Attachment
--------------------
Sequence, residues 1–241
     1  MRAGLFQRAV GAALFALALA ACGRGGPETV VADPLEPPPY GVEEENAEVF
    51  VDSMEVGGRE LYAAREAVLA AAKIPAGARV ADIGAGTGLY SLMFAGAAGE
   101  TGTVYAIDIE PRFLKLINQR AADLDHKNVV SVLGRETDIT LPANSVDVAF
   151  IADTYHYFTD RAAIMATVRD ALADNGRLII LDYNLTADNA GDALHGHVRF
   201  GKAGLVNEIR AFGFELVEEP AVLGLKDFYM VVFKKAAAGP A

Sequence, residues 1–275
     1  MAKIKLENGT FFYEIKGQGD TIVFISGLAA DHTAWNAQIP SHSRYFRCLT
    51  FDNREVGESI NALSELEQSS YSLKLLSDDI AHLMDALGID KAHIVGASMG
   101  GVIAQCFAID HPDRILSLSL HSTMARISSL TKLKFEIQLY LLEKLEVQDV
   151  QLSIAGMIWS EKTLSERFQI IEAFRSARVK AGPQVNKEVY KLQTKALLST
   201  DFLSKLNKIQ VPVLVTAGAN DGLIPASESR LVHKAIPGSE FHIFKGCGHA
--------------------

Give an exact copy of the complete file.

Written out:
Sequence, residues 1–241
     1  MRAGLFQRAV GAALFALALA ACGRGGPETV VADPLEPPPY GVEEENAEVF
    51  VDSMEVGGRE LYAAREAVLA AAKIPAGARV ADIGAGTGLY SLMFAGAAGE
   101  TGTVYAIDIE PRFLKLINQR AADLDHKNVV SVLGRETDIT LPANSVDVAF
   151  IADTYHYFTD RAAIMATVRD ALADNGRLII LDYNLTADNA GDALHGHVRF
   201  GKAGLVNEIR AFGFELVEEP AVLGLKDFYM VVFKKAAAGP A

Sequence, residues 1–275
     1  MAKIKLENGT FFYEIKGQGD TIVFISGLAA DHTAWNAQIP SHSRYFRCLT
    51  FDNREVGESI NALSELEQSS YSLKLLSDDI AHLMDALGID KAHIVGASMG
   101  GVIAQCFAID HPDRILSLSL HSTMARISSL TKLKFEIQLY LLEKLEVQDV
   151  QLSIAGMIWS EKTLSERFQI IEAFRSARVK AGPQVNKEVY KLQTKALLST
   201  DFLSKLNKIQ VPVLVTAGAN DGLIPASESR LVHKAIPGSE FHIFKGCGHA